The study of Indian palaeography began nearly 180 years ago with the interpretation of a number of medieval inscriptions by members of the Asiatic Society of Bengal. During the last century knowledge of ancient Indian scripts progressed rapidly, until practically all the epigraphs of the sub-continent were intelligible. About sixty years ago the accumulated knowledge of over 100 years was consolidated in Buhler's Indische Palaographie, which became the standard textbook on the subject. Since its appearance the only similar work of major importance to be published was Professor G. S. Ojha's Bharatiya Lipimala (1918) in Hindi. In the last forty years many new inscriptions have been published, and the technique of the palaeographer has much advanced; hence both books are now out of date in many respects. Moreover, both have long been out of print, and the ·student of Indian palaeography has been much hampered by the impossibility of obtaining a suitable manual for use outside the library reading-room.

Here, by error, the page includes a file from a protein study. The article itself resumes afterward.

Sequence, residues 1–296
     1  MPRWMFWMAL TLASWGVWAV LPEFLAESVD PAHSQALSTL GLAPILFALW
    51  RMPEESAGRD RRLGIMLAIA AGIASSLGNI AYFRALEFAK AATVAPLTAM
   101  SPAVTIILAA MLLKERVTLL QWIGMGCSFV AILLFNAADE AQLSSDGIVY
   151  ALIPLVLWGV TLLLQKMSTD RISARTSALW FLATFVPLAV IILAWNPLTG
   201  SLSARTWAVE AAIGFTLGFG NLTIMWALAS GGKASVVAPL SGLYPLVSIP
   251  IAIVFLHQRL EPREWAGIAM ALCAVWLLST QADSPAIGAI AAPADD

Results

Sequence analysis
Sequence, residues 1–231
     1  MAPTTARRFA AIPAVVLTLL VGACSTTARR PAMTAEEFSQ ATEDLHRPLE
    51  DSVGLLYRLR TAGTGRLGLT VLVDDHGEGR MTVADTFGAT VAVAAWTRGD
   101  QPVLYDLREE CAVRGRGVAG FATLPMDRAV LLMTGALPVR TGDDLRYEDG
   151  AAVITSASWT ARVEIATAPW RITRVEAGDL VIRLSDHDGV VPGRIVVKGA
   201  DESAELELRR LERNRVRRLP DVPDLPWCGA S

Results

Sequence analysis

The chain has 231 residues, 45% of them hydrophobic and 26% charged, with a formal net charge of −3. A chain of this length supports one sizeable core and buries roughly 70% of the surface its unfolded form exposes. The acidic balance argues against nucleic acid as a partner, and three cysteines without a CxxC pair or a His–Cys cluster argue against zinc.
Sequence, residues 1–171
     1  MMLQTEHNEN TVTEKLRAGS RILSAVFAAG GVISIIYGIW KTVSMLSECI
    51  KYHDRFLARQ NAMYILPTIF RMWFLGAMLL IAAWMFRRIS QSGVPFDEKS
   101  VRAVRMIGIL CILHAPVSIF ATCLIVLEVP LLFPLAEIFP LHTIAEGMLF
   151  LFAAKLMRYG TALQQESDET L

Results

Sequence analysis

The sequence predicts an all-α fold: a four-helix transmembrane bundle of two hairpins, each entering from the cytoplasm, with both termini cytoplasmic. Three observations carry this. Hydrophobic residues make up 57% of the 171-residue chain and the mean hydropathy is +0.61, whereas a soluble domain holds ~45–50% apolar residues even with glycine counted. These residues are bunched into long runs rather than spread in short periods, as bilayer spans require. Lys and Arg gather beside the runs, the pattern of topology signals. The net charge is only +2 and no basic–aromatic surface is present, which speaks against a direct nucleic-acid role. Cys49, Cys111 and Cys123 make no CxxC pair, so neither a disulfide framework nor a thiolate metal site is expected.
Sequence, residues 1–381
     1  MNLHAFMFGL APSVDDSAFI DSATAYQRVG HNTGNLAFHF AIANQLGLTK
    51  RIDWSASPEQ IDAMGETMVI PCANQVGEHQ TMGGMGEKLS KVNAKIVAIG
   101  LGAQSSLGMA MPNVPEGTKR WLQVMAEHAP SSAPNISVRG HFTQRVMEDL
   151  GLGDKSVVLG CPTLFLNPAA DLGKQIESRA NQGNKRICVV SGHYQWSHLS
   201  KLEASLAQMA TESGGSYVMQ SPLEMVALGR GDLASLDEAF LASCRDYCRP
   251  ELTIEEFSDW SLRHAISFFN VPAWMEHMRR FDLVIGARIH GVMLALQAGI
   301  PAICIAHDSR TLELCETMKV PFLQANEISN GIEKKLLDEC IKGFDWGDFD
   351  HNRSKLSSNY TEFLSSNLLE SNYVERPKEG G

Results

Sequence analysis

My friend Dr. A. H. Dani has rendered a great service to Indology in producing this detailed study. Taking into account the many epigraphs not available to Buhler and Ojha, he has given a more complete survey of the evolution of the Indian scripts than any earlier scholar, and has brought the study of Indian palaeography to a degree of precision well beyond that reached by his two predecessors. His charts show many forms not recorded in those of the earlier scholars, and his text is the result of much original thought and study.


Our knowledge of early Indian history depends very much on epigraphs, many of them undated. Thus this work is of great importance to the historian, and will long remain an essential companion to his studies. It is to be hoped that Dr. Dani will continue his researches and produce a second volume, covering the medieval period, and providing a complete survey of Indian scripts down to recent times.


It is particularly gratifying that this is the work of a Muslim scholar. Many Hindus have in the past studied the 'Muslim Period' of Indian history, and have produced works of major importance on it, but hitherto no Muslim has made a major contribution to the study of the history of the subcontinent before the coming of Islam. It is to be hoped that other Muslims will be encouraged by this work to take up the study of ancient Indian history, and of the culture of the people who were their own ancestors, as they were the ancestors of the Hindus. This may well be the first of many studies of early India from Muslim scholars, and a token of developing friendship and cultural collaboration between India and Pakistan.